For those who don’t know what Greasemonkey is, here’s the scoop. The Firefox web browser allows people to write plug-ins to make it more useful. One of those plug-ins is called Greasemonkey, which allows people to write short scripts that make specific websites more useful, or slightly changes the web browsing experience, without writing a full plug-in. Greasemonkey doesn’t do anything on its own without a script installed. You can see what kinds of scripts are available by visiting userscripts.org. Some of them are pretty nice.
Caveat: I’m not much of a scripter, so I can only hope this works.
[Update: All the photos are now available in larger sizes on flickr.]
Sometimes I get dangerous thoughts in my head, like “I wonder what it would look like to see every ad in Times Square all on one page.” So when I knew I’d be passing through Times Square this weekend, I made sure I had my camera. For the purposes of this nearly purposeless project, I considered storefront signs the same as ads if they were flashy and glitzy like Times Square ads tend to be.
I’m sure I missed a few, and there may be some I got more than once. I do know that some appear to be duplicates, but are actually similar billboards in different spots. Also, if an ad took up more than one billboard, I usually shot each billboard separately, unless it was a wraparound billboard on a corner, in which case I tried to get it in one shot.
So without further ado, here is every ad in Times Square. More or less.
Right now, you’re probably thinking one of two things. Either you’re thinking, “Does that ad really say that there’s a musical version of Legally Blonde coming to Broadway?” or you’re thinking, “Someone has too much time on his hands.” Well, I can tell you, it took about 20 minutes to take the photos, and about 2 or 3 hours to crop the images while I was listening to the pundits on Sunday morning TV. It wasn’t as bad as I feared.
And yes, there is a Legally Blonde musical coming to Broadway. I don’t know what they’re thinking, either.
Part 20 in an ongoing series of (approximately) 60 second films.
Brrr. It’s cold outside. So I thought today would be a nice day to revisit summer:
[Update: Be sure to read the surreal follow-up in which a high-school class in Florida gets involved.]
My first year in New York, I lived on the top floor of an old building in Astoria, Queens, with rotted wood floors that creaked every time I took a step. I didn’t mind so much, because my schedule was so hectic I was rarely home. I got up early every day to get to my job by 9:00 a.m. I was happy to work in a photo studio, but it didn’t pay enough to survive in this town. So at 5:30 p.m. each day I left the studio and went to a bookstore across town, where I worked until 12:15 a.m. in order to make ends meet (and another 8 hours on Sundays). By the time I got back to Queens every night, hopefully before 1:30 a.m., I was beat. I’d take an hour to wind down before finally going to bed, getting a few hours sleep, and starting over.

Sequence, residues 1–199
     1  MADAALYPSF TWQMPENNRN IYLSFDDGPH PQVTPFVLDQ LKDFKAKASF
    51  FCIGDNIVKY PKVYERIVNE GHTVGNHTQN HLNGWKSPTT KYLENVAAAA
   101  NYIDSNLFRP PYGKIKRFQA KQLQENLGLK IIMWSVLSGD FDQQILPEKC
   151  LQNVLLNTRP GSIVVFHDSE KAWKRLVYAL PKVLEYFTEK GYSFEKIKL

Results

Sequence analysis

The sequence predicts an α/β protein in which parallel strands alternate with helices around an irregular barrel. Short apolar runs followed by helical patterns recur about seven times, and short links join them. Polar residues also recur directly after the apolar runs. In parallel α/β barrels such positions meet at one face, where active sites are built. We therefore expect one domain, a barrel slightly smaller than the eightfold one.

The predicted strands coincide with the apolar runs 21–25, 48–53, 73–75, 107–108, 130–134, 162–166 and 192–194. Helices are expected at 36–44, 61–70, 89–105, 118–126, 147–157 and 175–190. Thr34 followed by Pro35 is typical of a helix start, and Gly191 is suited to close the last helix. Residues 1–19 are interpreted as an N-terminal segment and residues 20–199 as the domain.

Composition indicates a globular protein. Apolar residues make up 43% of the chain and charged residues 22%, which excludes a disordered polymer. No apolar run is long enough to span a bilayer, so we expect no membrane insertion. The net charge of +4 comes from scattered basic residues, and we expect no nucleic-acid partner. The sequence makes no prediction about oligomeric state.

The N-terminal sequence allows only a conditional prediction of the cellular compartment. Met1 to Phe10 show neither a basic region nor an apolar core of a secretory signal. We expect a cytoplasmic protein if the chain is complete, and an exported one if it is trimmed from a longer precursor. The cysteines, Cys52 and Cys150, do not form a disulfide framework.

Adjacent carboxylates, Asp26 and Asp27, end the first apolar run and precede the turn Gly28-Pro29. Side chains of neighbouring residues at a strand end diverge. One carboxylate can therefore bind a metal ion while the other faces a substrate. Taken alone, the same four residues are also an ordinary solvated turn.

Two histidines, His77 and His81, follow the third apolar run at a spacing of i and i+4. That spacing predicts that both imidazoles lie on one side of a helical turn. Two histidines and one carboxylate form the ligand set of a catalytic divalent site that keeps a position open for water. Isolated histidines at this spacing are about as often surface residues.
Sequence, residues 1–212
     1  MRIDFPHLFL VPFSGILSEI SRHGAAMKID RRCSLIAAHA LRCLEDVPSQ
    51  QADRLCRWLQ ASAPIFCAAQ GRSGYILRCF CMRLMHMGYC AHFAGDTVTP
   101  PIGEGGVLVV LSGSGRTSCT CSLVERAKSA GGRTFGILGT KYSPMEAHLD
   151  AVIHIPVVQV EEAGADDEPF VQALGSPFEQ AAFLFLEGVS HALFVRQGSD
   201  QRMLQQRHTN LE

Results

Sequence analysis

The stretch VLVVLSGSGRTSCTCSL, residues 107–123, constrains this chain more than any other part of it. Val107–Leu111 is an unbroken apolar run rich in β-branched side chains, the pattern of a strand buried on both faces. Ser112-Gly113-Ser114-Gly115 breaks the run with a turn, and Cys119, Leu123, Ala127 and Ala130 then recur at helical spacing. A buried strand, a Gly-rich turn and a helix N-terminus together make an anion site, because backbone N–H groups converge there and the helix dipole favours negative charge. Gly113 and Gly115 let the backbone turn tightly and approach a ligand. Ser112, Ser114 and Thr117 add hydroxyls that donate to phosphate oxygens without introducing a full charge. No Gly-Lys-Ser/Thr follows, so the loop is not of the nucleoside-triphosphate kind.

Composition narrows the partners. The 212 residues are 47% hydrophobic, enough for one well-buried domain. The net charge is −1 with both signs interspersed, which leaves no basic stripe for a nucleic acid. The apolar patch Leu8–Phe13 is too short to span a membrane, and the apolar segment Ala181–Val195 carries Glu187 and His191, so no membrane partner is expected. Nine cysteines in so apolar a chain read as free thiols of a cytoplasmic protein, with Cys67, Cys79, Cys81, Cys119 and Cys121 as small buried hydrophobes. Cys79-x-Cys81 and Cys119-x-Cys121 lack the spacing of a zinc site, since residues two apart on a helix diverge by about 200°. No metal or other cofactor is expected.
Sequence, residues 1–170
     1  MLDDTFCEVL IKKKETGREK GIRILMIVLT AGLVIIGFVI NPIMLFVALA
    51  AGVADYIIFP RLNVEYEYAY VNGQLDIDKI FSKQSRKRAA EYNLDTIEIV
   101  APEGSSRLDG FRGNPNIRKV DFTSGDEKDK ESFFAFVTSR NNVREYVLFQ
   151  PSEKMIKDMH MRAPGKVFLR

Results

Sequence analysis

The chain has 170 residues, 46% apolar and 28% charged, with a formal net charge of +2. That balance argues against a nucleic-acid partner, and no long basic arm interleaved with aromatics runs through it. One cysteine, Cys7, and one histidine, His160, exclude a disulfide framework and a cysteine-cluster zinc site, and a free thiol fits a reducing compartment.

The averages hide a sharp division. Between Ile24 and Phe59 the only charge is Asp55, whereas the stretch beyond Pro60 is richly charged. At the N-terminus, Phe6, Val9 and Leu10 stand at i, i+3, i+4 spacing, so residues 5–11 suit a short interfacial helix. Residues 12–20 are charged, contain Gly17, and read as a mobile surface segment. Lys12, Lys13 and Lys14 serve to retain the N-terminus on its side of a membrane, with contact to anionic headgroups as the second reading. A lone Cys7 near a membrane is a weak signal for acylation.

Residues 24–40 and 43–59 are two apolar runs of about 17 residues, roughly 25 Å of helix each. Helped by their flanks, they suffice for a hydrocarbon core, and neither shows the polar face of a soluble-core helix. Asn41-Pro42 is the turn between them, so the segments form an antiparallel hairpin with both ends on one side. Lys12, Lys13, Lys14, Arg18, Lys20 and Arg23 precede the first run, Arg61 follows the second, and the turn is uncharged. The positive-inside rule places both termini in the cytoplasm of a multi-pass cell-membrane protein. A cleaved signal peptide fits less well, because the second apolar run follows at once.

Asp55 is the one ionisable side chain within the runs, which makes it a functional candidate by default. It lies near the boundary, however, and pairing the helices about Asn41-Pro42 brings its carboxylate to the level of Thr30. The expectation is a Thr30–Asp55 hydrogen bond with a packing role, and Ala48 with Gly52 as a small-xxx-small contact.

One night, I came home to find the first in a series of notes slipped under my door. Small writing filled both sides of a sheet of loose leaf paper. I didn’t know what to make of it. The note began, “Dear Neighbor. When you arrive late every night, you are probably concentrating on your chores and don’t realize that this building, this street, the traffic, the people are all very still, very quiet.” The care and craftsmanship that went into writing this note was beyond anything I’d ever heard of from an angry neighbor. I continued reading.
Click the images below to see them larger for easier reading:
Wow. I had no idea I was keeping them up. But what could I do? I had to come home at that hour, and it wasn’t my fault the floor was squeaky. More importantly, who bothers to write such a long and detailed letter just to say “Keep it down up there?” It seemed like every word was carefully chosen, written, re-read, and reconsidered. I tested the floor in different areas, trying to find the creakiest spots so I could avoid them when I walk, and made an effort to be quieter when I came home from work.
Months passed. Then one night, I found a greeting card slipped under my door. A greeting card. They took the time to shop for the appropriate card to say exactly what they wanted to say.